[A]fter December 31, 2009, the state and political subdivisions may not compel or require any person to recognize, receive, pay out, deliver, promise to pay, or otherwise use or employ anything but gold and silver coin (in that form or in the form of a designated electronic gold currency) as media of exchange with respect to [taxes, loans to the state or political subdivision, purchase or sale of real estate by the government, condemnation payments, court judgments, or contracts or wages with the government.]
. . .
[A]ll payments to the state required under IC 6-7 (tobacco taxes) must be made in electronic gold currency.

What’s next? The Ron Paul dollar to be the official currency of Indiana?

What a week for Congress

What a wild week it’s been in D.C. You have the Congress taking a firm stand in favor of torture and against the Great Writ. Mostly along party lines, Congress passed legislation that:

  • Bars bar terrorism suspects from challenging their detention or treatment through habeas corpus petitions.
  • Allows prosecutors to use evidence collected through hearsay or coercion to seek criminal convictions.
  • Empowers the executive branch to detain indefinitely anyone the executive branch determines to have “purposefully and materially” supported anti-U.S. hostilities. (While non-citizens are the only ones who can be tried by military tribunals, apparently U.S. citizens can be detained indefinitely under the legislation.)

The way the legislation is written, coupled with the relevant Geneva Conventions, the President is empowered to determine what forms of sexual assault, short of actual penetration, are permissible as interrogation techniques.

Which brings us to Friday of this week when Florida Republican Mark Foley’s hasty resignation from Congress after the “icky e-mails” began to surface. Apparently the e-mails were sexually explicit and directed to a 16 year old male Congressional page. This is particularly egregious since Foley was, among other things, a former co-chair of the House Caucus on Missing and Exploited Children and one of the most vocal opponents of child pornography. Even more problematic in some ways is the fact that House leaders, including Dennis Hastert and John Boehner, knew of Foley’s e-mails to the House page since at least Spring of this year and did nothing about it.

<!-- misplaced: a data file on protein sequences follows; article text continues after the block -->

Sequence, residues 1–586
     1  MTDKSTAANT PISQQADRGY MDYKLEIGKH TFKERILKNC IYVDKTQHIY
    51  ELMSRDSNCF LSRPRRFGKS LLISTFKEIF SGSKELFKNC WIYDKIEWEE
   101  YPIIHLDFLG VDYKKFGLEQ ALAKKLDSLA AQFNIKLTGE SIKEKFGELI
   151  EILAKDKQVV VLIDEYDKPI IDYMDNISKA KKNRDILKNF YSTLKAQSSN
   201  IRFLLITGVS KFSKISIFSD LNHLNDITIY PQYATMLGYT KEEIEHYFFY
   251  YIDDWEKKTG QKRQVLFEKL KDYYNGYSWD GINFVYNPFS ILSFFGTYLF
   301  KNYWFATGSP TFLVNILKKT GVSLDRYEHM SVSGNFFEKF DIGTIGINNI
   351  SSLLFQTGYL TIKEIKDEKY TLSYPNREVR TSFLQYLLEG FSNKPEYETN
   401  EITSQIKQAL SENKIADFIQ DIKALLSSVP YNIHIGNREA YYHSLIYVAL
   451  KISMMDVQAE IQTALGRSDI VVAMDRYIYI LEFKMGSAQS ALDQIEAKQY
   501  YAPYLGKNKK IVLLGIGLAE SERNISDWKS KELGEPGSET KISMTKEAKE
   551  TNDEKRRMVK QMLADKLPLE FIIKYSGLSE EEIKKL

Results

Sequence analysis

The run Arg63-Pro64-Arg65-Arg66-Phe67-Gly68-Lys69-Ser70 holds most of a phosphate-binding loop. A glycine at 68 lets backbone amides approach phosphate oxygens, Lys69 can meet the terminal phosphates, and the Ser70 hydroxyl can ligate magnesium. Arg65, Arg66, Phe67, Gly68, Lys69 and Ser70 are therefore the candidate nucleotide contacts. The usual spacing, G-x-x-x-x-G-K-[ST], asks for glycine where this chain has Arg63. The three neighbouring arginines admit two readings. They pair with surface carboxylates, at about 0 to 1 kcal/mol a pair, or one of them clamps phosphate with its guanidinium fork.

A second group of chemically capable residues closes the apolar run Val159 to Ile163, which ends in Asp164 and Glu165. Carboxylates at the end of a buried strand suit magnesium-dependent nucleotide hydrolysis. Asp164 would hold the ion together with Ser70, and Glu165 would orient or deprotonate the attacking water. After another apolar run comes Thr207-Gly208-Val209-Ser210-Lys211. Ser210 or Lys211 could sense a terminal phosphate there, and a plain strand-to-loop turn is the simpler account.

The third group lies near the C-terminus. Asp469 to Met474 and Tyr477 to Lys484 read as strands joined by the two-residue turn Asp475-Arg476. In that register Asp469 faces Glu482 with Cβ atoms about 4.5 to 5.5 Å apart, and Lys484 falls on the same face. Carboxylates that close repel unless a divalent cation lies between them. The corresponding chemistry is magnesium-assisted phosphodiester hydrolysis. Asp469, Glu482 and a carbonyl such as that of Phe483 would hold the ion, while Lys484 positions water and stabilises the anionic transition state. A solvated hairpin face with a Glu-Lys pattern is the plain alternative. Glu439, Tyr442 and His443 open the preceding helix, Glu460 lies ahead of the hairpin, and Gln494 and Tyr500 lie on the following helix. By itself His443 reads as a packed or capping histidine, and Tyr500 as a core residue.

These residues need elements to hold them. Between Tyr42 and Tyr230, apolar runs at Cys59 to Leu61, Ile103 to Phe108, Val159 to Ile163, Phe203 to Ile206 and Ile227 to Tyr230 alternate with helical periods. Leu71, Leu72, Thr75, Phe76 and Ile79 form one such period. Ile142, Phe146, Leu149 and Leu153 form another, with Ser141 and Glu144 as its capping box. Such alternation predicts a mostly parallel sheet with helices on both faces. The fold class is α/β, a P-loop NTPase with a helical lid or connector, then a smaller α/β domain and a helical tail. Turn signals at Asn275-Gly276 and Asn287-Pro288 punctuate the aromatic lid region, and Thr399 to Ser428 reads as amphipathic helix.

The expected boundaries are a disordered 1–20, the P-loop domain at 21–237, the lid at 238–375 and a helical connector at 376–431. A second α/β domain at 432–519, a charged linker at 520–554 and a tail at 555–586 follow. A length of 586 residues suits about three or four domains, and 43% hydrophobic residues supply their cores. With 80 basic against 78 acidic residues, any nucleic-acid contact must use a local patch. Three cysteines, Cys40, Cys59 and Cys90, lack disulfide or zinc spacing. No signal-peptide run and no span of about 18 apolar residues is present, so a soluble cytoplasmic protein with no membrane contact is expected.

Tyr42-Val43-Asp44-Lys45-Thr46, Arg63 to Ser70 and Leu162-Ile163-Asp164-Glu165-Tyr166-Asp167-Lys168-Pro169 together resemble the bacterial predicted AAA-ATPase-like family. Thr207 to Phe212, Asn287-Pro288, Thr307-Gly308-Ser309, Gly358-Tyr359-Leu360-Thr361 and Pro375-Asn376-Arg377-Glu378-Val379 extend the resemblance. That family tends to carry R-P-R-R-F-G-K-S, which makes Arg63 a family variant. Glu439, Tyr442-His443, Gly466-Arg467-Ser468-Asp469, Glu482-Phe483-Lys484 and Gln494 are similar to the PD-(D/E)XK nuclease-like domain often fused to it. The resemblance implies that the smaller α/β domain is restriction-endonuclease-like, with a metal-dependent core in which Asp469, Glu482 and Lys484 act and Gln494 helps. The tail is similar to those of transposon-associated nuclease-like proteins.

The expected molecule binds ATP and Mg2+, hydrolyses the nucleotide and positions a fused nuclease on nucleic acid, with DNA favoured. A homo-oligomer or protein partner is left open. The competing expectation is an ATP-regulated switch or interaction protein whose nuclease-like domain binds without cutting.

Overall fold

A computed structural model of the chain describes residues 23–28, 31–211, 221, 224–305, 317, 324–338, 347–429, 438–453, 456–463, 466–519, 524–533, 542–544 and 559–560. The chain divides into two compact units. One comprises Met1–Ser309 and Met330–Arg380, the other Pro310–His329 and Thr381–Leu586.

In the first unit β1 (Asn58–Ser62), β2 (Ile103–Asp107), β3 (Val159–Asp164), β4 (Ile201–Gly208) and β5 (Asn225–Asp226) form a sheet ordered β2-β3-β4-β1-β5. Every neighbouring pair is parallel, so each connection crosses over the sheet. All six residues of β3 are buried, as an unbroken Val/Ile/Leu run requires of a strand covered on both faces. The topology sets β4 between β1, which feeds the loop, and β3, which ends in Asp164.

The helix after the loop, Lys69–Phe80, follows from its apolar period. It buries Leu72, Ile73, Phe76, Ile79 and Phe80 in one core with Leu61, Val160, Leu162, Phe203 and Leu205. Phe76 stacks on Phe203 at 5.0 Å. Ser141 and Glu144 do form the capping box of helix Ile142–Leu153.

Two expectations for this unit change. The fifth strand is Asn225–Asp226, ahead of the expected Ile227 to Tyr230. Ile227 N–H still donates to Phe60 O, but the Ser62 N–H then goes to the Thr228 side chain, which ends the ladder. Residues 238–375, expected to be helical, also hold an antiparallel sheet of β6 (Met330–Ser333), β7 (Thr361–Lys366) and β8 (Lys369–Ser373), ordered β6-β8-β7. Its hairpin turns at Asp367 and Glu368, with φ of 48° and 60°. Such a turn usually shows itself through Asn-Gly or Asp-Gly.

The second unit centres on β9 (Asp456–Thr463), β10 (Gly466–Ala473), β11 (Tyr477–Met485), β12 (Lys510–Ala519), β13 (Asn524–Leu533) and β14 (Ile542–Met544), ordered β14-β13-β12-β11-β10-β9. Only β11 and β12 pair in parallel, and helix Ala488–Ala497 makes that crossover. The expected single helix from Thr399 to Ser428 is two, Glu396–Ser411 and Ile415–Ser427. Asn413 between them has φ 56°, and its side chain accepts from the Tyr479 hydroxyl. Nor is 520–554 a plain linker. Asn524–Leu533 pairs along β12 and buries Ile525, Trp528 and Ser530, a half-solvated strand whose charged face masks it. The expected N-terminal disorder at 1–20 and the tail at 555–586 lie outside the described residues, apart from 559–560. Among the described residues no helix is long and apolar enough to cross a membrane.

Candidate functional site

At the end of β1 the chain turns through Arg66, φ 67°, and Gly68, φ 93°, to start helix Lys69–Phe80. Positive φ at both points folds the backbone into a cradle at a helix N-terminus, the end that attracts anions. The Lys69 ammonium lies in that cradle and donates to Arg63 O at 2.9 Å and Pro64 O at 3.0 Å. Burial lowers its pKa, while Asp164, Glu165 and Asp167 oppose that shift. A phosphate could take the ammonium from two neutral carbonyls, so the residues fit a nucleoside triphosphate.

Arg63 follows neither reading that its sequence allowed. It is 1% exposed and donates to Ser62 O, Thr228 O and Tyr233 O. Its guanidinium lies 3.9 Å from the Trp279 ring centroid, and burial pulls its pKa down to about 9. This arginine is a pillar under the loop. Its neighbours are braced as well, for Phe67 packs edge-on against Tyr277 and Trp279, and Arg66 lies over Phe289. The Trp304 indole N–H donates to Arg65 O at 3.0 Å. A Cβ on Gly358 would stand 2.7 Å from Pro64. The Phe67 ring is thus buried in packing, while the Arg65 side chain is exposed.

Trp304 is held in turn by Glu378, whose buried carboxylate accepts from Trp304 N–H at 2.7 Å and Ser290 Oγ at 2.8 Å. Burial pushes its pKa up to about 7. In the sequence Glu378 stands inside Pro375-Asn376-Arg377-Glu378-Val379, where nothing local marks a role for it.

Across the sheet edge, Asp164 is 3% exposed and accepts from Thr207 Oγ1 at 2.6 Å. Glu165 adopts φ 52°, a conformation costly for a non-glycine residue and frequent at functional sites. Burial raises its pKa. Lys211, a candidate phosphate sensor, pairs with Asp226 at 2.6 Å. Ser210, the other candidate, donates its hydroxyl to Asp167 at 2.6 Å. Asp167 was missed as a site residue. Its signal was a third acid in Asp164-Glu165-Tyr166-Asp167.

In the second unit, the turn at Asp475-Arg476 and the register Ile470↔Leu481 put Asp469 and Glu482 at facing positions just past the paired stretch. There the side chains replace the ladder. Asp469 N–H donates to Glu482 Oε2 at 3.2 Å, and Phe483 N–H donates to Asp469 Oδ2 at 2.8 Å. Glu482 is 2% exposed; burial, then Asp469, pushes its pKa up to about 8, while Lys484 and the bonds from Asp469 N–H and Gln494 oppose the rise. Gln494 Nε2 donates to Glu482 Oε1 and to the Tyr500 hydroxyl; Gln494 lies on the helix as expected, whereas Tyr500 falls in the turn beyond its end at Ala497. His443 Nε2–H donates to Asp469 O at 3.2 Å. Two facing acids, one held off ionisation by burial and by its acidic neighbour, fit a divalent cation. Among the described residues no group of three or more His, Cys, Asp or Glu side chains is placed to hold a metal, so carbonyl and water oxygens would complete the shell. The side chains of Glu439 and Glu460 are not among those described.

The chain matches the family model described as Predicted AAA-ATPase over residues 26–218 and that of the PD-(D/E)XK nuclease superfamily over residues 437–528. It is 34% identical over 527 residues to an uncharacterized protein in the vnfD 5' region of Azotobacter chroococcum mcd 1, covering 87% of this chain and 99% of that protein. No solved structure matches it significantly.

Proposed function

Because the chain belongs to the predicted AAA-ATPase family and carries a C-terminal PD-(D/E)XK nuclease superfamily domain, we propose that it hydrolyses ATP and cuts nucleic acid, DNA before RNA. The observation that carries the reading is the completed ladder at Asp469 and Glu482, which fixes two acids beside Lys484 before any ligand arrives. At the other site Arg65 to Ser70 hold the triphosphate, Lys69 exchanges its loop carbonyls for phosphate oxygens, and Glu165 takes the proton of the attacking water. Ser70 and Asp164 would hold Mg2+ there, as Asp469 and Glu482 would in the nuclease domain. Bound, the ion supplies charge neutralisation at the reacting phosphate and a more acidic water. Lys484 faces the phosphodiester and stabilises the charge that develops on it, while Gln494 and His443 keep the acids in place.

And, finally, just to add to the mix, Former House Majority Leader Dick Armey (R-Texas) said that what is wrong with the Republican Congress these days is that they bow to the “thugs and bullies” who lead the Christian Right.

Former House Majority Leader Dick Armey has launched an attack on Focus on the Family founder James Dobson, saying Dobson and his “band of thugs” are “nasty bullies” and accusing the Republicans of pandering to the Christian right.

He said that the GOP was adrift and rudderless in its commitment to small government. He went on to say:

“The criteria of choice in just about every behavior you see in Congress today is politics. Where in the hell did this Terri Schiavo thing come from? There’s not a conservative, Constitution-loving, separation-of-powers guy alive in the world that could have wanted that bill on the floor.

“That was pure, blatant pandering to James Dobson. That’s all it was. It was silly, stupid, and irresponsible. Nobody serious about the Constitution would do that. But the question was will this energize our Christian conservative base for the next election.”